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Bethlehem's Syriac Christians


Self, nation and church in dialogue and practice


An anthropological study of Syriac Orthodox Christian identity in a time of displacement, upheaval, and conflict. For some Syriac Orthodox Christians in Bethlehem, their self-articulation - the means by which they connect themselves to others, things, places and symbols - is decisively influenced by their eucharistic ritual. This ritual connects being siryāni to a redeemed community or 'body', and derives its identity in large part from the Incarnation of God as an Aramaic-speaking Bethlehemite.
Publisher: Gorgias Press LLC
Availability: In stock
SKU (ISBN): 978-1-4632-0637-6
  • *
Publication Status: In Print

Publication Date: Dec 19,2017
Interior Color: Black
Trim Size: 6 x 9
Page Count: 318
Language: English
ISBN: 978-1-4632-0637-6
$162.00

An anthropological study of Syriac Orthodox Christian identity in a time of displacement, upheaval, and conflict. For some Syriac Orthodox Christians in Bethlehem, their self-articulation - the means by which they connect themselves to others, things, places and symbols - is decisively influenced by their eucharistic ritual. This ritual connects being siryāni to a redeemed community or 'body', and derives its identity in large part from the Incarnation of God as an Aramaic-speaking Bethlehemite.

An anthropological study of Syriac Orthodox Christian identity in a time of displacement, upheaval, and conflict. For some Syriac Orthodox Christians in Bethlehem, their self-articulation - the means by which they connect themselves to others, things, places and symbols - is decisively influenced by their eucharistic ritual. This ritual connects being siryāni to a redeemed community or 'body', and derives its identity in large part from the Incarnation of God as an Aramaic-speaking Bethlehemite.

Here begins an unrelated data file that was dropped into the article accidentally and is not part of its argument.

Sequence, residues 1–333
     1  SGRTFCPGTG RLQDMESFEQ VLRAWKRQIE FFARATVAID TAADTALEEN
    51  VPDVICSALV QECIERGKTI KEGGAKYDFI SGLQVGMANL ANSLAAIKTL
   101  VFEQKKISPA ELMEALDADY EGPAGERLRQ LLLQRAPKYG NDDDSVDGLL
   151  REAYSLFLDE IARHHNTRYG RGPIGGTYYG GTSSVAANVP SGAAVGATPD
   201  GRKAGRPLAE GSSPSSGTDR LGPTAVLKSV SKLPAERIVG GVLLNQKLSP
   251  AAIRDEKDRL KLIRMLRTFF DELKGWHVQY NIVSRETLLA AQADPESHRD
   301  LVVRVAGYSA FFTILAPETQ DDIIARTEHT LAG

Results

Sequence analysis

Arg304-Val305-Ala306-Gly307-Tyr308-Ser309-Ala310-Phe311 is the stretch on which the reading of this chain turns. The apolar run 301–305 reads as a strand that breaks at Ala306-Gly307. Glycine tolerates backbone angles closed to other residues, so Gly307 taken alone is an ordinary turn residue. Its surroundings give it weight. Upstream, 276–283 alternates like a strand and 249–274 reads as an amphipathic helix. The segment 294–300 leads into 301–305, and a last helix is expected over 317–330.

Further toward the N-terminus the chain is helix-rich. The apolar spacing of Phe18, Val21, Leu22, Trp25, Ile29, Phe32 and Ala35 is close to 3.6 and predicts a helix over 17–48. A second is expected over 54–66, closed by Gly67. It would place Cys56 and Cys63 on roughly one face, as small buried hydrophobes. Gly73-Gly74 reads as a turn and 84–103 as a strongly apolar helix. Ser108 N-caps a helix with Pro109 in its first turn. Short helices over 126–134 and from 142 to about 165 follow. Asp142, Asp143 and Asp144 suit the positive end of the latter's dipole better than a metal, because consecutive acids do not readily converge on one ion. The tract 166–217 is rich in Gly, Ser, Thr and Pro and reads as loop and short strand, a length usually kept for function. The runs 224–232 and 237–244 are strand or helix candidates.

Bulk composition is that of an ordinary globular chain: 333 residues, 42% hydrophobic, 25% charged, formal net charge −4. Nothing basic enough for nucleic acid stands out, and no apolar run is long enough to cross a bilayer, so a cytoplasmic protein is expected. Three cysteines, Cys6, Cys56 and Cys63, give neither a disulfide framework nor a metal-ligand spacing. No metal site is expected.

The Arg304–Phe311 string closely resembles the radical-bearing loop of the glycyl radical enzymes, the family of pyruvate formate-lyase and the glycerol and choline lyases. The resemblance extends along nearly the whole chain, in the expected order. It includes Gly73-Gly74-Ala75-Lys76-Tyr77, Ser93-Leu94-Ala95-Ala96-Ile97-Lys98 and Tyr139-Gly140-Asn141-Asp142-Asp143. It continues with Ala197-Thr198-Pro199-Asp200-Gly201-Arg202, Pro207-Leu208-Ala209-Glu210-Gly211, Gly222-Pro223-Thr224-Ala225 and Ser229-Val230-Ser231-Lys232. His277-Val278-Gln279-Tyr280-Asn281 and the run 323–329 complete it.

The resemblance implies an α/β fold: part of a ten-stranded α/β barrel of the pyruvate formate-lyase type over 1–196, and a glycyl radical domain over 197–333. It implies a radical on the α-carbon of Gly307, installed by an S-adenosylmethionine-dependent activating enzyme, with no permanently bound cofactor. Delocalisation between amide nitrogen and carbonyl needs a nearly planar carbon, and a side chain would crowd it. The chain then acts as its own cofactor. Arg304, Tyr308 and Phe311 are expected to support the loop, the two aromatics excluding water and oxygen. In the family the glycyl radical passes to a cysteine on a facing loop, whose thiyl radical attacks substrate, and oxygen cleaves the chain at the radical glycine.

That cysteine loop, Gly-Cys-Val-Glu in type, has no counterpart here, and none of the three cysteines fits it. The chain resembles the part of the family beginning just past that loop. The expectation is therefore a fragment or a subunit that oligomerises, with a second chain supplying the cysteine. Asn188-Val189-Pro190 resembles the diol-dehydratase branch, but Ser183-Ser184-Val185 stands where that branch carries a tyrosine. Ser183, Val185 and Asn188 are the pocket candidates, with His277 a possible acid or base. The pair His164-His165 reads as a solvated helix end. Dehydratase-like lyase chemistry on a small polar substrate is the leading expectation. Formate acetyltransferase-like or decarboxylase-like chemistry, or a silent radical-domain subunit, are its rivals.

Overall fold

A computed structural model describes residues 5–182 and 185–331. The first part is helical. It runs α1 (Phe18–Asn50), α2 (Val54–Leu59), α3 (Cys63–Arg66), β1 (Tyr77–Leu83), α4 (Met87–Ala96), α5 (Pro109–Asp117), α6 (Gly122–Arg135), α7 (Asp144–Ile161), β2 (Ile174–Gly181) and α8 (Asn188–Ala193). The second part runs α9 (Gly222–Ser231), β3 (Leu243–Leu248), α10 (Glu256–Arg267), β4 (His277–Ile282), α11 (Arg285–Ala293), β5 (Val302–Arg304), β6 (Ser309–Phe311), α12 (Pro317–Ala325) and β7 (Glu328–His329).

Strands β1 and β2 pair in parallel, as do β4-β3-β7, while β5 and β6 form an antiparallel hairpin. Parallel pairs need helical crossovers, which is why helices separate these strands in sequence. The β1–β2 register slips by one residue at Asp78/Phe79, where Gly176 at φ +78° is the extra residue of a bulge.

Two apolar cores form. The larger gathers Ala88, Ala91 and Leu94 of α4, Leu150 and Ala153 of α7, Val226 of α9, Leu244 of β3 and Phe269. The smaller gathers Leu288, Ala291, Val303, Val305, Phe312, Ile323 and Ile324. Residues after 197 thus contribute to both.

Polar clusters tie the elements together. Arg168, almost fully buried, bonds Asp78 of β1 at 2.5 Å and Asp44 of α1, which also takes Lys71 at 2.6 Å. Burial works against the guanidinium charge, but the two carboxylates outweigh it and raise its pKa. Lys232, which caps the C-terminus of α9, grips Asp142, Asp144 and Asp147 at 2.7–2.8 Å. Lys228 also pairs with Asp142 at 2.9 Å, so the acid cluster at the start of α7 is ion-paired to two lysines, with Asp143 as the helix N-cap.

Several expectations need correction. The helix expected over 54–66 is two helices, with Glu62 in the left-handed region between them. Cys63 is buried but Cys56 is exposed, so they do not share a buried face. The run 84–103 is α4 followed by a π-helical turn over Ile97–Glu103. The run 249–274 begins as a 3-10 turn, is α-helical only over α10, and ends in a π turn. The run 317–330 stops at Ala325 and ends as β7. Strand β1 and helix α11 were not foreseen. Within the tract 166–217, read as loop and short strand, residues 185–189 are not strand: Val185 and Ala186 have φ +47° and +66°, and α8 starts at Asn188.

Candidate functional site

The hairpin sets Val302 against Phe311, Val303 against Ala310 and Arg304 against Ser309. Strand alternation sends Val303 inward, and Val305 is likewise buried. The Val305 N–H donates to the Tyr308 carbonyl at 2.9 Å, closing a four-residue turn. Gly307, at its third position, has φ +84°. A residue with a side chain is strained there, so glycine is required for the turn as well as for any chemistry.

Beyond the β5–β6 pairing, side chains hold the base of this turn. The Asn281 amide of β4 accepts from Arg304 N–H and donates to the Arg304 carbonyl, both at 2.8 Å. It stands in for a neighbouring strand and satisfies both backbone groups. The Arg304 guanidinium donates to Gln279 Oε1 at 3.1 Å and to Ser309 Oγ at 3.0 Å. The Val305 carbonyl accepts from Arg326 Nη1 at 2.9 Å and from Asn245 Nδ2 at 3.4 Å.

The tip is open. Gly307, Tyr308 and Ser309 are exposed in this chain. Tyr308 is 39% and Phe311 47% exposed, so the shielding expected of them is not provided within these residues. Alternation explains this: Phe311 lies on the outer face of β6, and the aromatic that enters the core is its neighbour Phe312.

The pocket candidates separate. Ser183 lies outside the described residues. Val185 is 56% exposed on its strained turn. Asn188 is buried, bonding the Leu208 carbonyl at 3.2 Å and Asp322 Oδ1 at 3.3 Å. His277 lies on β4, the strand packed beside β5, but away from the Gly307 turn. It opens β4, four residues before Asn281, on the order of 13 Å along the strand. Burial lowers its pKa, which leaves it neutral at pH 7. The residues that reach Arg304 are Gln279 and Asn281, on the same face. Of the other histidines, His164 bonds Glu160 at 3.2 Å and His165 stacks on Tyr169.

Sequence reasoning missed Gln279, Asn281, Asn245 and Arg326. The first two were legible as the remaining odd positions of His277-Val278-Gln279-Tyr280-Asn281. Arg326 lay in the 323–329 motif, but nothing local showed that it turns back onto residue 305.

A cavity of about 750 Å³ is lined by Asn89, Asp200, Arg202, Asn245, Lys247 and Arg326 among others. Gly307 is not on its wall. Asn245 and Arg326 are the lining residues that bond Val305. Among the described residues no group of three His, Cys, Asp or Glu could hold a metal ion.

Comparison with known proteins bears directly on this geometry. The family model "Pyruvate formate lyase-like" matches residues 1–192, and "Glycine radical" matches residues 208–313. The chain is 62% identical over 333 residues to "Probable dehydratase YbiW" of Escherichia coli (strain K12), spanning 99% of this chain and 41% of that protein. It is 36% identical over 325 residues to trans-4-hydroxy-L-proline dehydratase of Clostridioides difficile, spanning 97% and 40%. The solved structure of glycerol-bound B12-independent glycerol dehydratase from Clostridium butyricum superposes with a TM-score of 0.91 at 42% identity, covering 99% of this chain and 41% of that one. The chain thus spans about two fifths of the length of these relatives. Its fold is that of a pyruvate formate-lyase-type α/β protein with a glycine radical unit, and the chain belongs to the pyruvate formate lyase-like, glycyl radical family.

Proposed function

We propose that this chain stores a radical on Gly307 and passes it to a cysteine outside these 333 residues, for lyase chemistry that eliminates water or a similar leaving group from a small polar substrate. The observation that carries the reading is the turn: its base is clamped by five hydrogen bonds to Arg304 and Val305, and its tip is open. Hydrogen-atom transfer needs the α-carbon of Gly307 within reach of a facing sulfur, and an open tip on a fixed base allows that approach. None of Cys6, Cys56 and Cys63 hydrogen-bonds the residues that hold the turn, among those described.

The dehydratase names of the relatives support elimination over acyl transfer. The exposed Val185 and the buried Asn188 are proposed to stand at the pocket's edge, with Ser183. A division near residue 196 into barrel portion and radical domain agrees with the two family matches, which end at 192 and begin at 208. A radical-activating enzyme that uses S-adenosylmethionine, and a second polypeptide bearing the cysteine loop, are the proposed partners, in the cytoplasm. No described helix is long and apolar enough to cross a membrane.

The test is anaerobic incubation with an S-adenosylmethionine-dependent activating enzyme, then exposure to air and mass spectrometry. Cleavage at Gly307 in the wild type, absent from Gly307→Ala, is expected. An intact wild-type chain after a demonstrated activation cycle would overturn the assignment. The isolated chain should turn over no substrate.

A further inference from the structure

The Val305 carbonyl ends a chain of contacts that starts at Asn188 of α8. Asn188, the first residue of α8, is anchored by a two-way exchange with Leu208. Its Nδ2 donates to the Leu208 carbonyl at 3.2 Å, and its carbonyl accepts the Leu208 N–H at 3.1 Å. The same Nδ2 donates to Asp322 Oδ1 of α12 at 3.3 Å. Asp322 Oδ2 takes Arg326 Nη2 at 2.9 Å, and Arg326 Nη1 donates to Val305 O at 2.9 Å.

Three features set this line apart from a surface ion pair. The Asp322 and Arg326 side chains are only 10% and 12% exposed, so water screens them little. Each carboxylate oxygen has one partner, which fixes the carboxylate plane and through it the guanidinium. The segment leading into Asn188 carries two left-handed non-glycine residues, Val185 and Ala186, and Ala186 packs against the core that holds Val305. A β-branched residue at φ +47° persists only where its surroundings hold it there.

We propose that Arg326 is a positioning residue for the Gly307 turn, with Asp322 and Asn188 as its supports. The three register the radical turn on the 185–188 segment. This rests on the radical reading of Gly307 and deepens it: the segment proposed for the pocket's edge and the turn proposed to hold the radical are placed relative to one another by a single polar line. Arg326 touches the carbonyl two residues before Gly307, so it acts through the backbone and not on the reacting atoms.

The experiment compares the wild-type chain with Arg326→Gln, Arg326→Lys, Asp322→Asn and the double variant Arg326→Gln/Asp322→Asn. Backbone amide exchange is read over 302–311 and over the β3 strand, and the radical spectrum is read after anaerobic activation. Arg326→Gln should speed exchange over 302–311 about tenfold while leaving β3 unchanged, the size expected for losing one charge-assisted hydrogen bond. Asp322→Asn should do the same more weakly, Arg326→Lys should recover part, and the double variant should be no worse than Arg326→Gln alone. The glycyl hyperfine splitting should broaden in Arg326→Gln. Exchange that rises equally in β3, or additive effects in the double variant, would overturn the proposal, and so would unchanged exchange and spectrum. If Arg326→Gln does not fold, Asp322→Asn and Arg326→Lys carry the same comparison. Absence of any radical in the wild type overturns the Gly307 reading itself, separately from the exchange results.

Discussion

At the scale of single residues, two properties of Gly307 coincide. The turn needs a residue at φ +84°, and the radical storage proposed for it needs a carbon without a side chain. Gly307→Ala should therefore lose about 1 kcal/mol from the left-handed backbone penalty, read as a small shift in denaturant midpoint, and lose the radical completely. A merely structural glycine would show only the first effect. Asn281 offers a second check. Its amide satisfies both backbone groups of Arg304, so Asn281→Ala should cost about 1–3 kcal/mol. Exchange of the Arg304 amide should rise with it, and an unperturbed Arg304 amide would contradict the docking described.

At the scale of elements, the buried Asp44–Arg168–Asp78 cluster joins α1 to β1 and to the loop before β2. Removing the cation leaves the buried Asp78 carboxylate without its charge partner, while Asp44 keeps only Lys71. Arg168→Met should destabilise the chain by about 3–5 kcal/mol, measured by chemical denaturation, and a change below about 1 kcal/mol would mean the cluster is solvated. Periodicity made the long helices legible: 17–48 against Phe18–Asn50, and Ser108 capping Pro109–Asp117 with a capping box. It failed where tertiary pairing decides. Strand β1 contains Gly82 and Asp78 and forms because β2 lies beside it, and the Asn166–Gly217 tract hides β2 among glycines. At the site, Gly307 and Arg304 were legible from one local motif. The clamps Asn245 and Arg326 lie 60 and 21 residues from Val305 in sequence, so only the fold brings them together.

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Contributor Biography

Mark Calder

Mark Calder is an honorary research fellow in Social Anthropology at the University of Aberdeen in Scotland. He is also regional manager for a Middle East humanitarian organisation and, as a postdoctoral fellow at Durham University, recently completed research projects on the predicament of youth in the eastern Mediterranean and on civil society peacebuilding in Syria.

Table of Contents (v)
Acknowledgements (ix)
Preface (xi)
Introduction: From Bible-use to Bethlehem’s Syriac Christians (1)
   Palestinian use and disuse of the Bible (5)
   Defamiliarising Bible-use (11)
   Cohabiting textualities (23)
   Reframing research in response to the fieldwork encounter (26)
   Correspondents and interlocutors (29)
   Book organisation (32)
Chapter One: Articulating the Bethlehem Environment (37)
   Arrival (37)
   8 MPH sarḥāt (42)
   Reflections: displacement in situ? (71)
Chapter Two: Dialogues of displacement (85)
   Introduction (85)
   Dialogues with Abu Daoud (86)
   Five indicators of displacement (110)
   Reflections (116)
Chapter Three: Syrian narratives in the Bethlehem environment (119)
   Introduction (119)
   Narrative, selfhood and belonging (120)
   Narrative as picking up threads (132)
   Narrative and power (157)
   Reflections: unpicking, re-weaving and patching (161)
Chapter Four: Prayer and self-articulation in the Syriac Orthodox Eucharist (165)
   Introduction (165)
   The Qurbono and other Eucharists (167)
   First encounters with the Qurbono (168)
   Understanding the Qurbono as dialogue (172)
   Qurbono in the environment (185)
   Qurbono as “prayer” (187)
   Re-placing the self in the eucharistic environment (201)
   Dwelling in Qurbono: the monastic ideal (204)
   Eucharistic temporality (206)
   Reflections: drawing near to know (209)
Chapter Five: Authority and imagination in Syrian self-articulations (213)
   Introduction (213)
   The priest (213)
   The Association Controversy (221)
   Authority, communication and self-articulation (230)
   Christianity: from tradition to technologies (242)
   Reflections (249)
Chapter Six: “Who is Bob?” Towards an anthropology with ecclesiology (251)
   Arrival: the question before questions (252)
   Fieldwork and writing as hospitality (254)
   From hospitality to ecclesiology (258)
   Anthropology with ecclesiology? (268)
   Ecclesiological anthropology with Bethlehem Syrian self-articulations (274)
Afterword: What about power? (279)
Bibliography (281)

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